45. The workstation defined in claim 44 wherein said drive mechanisms comprise:
a movable drive beam supported on a sliding assembly, said drive beam having a slot that has a high position at one end and a low position at the other end; and
a roller attached to said support rod, said roller slidably held in said slot such that when said drive beam slides in a forward direction said roller slides to said high position pushing said vertical rod upward and when said drive beam slides in a reverse direction said roller slides to said low position pulling said vertical rod downward.
46. The workstation defined in claim 43 wherein said path is substantially circular, and wherein said mechanical linkages comprise a pair of rotatable wheels to which ends of said central beam are hinged at a substantially equal radial distances from axises of said wheels.
47. The workstation defined in claim 43 wherein said shapes are semicircular shapes.
48. The workstation defined in claim 43 wherein each of said receiving structures comprises a pair of laterally spaced-apart seats for supporting extreme portions of said subassemblies, and wherein said movable central beam operates between said spaced-apart seats.
49. The workstation defined in claim 48 wherein said seats are V-shaped.
50. The workstation defined in claim 48 wherein lateral separation of said seats in said pair is adjustable.
51. The workstation defined in claim 48 wherein at least one of said receiving structures is disposed on laterally spaced-apart beams running along said workflow direction.
52. The workstation defined in claim 51 wherein at least one of said beams has a cutout for providing at least one said unit access laterally across said beam to said subassemblies positioned in said receiving structure associated with said unit.
53. The workstation defined in claim 52 wherein said unit includes a X-Y translation stage having first and second sliding carriages, and wherein said first carriage is movable laterally across said beam through said cutout and said second carriage is movable alongside an exterior surface of said beam.
54. The workstation defined in claim 51 wherein said spaced-apart beams comprise a pair of beam segments that are continuous over the entire length of said row of receiving structures.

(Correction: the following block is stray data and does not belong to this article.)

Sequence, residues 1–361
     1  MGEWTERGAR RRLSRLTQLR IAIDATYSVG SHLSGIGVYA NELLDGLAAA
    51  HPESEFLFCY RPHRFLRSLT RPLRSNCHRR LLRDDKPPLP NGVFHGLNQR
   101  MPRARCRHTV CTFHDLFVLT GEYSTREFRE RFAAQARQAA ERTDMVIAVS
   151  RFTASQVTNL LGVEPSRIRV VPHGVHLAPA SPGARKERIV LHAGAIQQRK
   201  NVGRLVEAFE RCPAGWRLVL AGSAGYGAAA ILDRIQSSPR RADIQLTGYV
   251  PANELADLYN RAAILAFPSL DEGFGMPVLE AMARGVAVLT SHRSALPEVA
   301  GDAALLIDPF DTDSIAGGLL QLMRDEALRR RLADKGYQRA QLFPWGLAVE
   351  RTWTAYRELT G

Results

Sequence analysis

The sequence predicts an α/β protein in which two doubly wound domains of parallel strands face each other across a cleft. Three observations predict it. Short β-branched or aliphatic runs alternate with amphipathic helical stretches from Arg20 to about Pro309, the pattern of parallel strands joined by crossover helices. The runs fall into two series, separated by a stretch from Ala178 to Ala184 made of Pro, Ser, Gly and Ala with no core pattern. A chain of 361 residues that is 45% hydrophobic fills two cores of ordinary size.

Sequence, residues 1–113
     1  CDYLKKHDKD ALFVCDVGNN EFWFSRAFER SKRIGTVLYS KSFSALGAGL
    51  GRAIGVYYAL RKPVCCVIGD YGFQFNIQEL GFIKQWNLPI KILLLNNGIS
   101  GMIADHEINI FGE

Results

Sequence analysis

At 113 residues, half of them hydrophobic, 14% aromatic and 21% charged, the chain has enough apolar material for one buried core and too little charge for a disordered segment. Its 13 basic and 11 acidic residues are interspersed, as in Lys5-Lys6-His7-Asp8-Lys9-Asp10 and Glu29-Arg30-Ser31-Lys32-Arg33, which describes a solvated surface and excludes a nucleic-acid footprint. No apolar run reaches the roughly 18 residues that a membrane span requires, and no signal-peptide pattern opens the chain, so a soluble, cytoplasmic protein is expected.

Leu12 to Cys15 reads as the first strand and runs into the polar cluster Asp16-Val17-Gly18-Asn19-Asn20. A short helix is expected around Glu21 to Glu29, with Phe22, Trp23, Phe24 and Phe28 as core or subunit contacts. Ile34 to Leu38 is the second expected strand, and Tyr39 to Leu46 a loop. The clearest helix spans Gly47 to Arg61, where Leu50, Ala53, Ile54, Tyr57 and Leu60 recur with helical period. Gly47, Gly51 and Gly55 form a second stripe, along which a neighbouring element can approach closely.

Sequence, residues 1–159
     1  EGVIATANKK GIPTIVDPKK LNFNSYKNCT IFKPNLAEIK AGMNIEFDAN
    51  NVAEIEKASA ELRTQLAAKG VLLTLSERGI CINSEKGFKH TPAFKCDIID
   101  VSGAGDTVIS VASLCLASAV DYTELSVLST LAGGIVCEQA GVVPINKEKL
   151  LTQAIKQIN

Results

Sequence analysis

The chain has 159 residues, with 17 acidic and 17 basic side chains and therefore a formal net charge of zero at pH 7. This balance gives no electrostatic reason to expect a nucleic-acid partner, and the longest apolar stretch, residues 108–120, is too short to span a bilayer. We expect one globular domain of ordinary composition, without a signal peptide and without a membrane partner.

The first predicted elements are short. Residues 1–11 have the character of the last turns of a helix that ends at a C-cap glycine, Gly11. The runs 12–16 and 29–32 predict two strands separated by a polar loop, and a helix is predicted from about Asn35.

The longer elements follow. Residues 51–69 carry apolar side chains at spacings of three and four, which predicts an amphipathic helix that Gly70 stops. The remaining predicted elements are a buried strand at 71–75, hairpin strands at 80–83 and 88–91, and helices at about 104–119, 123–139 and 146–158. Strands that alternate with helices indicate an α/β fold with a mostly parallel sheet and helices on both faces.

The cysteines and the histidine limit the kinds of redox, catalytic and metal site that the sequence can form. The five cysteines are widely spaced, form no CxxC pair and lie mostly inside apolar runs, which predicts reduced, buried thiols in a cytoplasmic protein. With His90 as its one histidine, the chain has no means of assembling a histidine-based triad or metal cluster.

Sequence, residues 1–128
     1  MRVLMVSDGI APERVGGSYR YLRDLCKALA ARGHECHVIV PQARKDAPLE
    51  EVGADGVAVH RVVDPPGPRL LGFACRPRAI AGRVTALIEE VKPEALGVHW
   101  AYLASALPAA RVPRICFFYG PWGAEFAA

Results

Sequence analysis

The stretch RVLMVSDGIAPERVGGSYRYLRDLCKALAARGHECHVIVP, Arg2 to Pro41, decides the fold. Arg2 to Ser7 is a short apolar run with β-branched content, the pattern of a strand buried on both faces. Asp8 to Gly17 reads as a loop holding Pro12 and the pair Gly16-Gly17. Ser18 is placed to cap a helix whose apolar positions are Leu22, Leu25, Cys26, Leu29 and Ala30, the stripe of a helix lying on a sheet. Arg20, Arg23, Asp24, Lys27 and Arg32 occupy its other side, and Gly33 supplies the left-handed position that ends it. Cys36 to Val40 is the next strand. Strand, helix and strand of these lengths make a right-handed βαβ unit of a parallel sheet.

55. The workstation defined in claim 54 wherein said pair of beam segments is adjustable supported at both ends on supports that are suitable for adjusting lateral separation of said beams segments.
56. The workstation defined in claim 51 wherein said beams comprise beam segments that are discontinuous along said row of receiving structures.
57. The workstation defined in claim 48 wherein a seat of at least one said receiving structures is disposed on a movable carriage of a linear translation stage.
58. The workstation defined in claim 57 wherein at least another of said receiving structures is disposed on laterally spaced-apart beams.
59. The workstation defined in claim 58 wherein at least one of said beams is attached to said movable carriage.
60. The workstation defined in claim 59 wherein said beam is attached to said movable carriage through an isolation block for reducing transmission of vibrations.
61. The workstation defined in claim 48 further comprising a table having a table top supported above a floor on legs wherein said row of receiving structures and at least one of said units are supported on said table top, and said central beam operates above said table top between said pairs of seats.
62. The workstation defined in claim 61 wherein said table top includes an aperture, said aperture providing a passage for processing-related debris from above said table top to a collector underneath said table top.
63. The workstation defined in claim 62 wherein said unit is a turning unit capable of cutting operations over a region, and wherein said aperture is placed below said region to allow burrs and chips to fall through said table top.